Have your say on the CATSI Act - this week's online consultation sessions

By in
Have your say on the CATSI Act - this week's online consultation sessions

Next week the review team is trying something different. They’ve added a ‘general session’ which is an open session for participants to lead. Register now, as sessions are filling up.

If you want to contribute through other ways—taking a survey or writing a submission—remember that consultations on proposed amendments to the Corporations (Aboriginal and Torres Strait Islander) Act 2006 (CATSI Act) close on 21 September 2020.

The review team has shared some more of your feedback:

  • There is general support for changing the name special administration but some concern that doing so won’t fix the issue that people mistake it for a negative process, also that it might confuse people who already understand what it means.
  • When it comes to directors asking for a special administrator to be appointed, people are agreeable to removing the ‘show cause’ process but there isn’t a clear preference for whether the request needs to be made by all or a majority of the directors on the board.
  • People agreed that the law should prevent contracts, including funding agreements, with a corporation from being stopped just because they’ve gone into special administration
  • There was mixed feedback on removing the requirement for the Registrar to get permission from the court to wind up a corporation that’s insolvent where nothing is being done to improve it. Some participants pointed out that this change would cause a divergence from the Corporations Act 2001 which they didn’t necessarily see value in. On the other hand, they noted making it easier for members to voluntarily deregister would be a positive divergence from the Corporations Act 2001.

Next week’s consultation sessions

General—Participants lead the discussion!

  • Monday, 31 August, 1:00pm-2:30pm AEST (1.5 hours)

Powers of the Registrar

Despite having similar responsibilities, the Registrar does not have all the regulatory powers of the Australian Securities and Investments Commission (ASIC). For example, ASIC can take action against a current or former employee or officer of the corporation, as well as the corporation itself. In comparison, the Registrar can only take action against a corporation. Should this be amended? Instead of taking action in court, should the Registrar be able to accept enforceable undertakings (a legally enforceable agreement by a person or corporation to take action or fix problems)? Does the Registrar need a wider range of powers that are less severe in scope or consequence to the current powers, allowing responses that are more proportionate to the issue? The Registrar can give general advice, a formal advisory opinion and facilitate conferencing between disputing parties. ORIC staff can attend corporation meetings as observers and present information or provide advice. Is this enough?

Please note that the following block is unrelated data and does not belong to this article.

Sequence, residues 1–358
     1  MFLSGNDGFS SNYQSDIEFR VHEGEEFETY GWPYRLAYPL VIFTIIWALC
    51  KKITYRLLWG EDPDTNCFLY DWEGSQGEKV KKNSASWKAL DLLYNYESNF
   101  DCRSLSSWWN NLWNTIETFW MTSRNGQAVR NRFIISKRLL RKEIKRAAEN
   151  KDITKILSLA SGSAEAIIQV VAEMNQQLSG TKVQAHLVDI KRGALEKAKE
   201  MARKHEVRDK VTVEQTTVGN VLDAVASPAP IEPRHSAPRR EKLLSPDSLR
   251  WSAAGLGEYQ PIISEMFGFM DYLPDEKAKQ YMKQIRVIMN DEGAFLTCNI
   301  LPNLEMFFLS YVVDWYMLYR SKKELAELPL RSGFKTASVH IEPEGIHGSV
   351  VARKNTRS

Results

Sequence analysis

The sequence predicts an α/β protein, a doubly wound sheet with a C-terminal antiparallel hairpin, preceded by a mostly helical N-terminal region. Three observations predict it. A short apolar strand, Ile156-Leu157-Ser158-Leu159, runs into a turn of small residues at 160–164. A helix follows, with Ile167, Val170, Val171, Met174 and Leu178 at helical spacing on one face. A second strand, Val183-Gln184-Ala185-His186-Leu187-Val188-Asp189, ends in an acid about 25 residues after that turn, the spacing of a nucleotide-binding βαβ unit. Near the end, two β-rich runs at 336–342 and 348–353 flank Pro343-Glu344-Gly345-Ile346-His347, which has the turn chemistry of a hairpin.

Read the powers and functions of the Registrar fact sheet

  • Monday, 31 August, 10:30am-11:30am AEST (1 hour)
  • Tuesday, 1 September, 1:00pm-2:30pm AEST (1.5 hours)

Objects of the Act

The CATSI Act was designed as a special measure under the Racial Discrimination Act 1975 to ensure Aboriginal and Torres Strait Islander people can form and run corporations that meet their needs. Some of the things that sets the CATSI Act apart from theCorporations Act 2001 are:

  • special incorporation provisions for Aboriginal and Torres Strait Islander corporations
  • greater protection for members
  • support for corporations
  • capacity building.

Is the CATSI Act serving its purpose as a special measure? Does it need changing?

Read the objects of the CATSI Act fact sheet

  • Thursday, 3 September, 9:30am-10:30am AEST (1 hour)
  • Thursday, 3 September, 2:00pm-3:30pm AEST (1.5 hours)


Should members’ addresses be visible on the corporation’s register? Are the processes for deciding membership applications and cancelling memberships appropriate? What types of corporate structures do you need to pursue economic growth or fulfill your purpose? Do corporation size classifications need changing? Should small corporations be allowed to meet with members less frequently? Should corporations present their reports to members at their AGM? Are rule books comprehensive and working effectively?

Read the governance fact sheet

  • Friday, 4 September, 2:00pm- 3:30pm AEST (1.5 hours)

Overview of the draft report

A run through of the draft report which covers work already done in previous reviews and consultations, and the lapsed Bill from 2018. It also incorporates suggestions and ideas identified in phase one of consultation.

  • Wednesday, 2 September, 11:00am-1:00pm AEST (2 hours)
  • Friday, 4 September, 10:30am-12:30pm AEST (2 hours)

Register for online consultation sessions

Read the CATSI Act Review Draft Report and fact sheets

Participate in other ways:

o   complete the online surveys for each chapter of the report

o   write a submission and either upload it to the NIAA webpage or email it to CATSIActReview@niaa.gov.au

o   provide general feedback on the NIAA webpage

o   ask the review team for an individual discussion

If you’ve got questions about the review please email the CATSIActReview@niaa.gov.au.

Yours sincerely

Selwyn Button

Registrar of Indigenous Corporations

(0 votes. Average 0 of 5)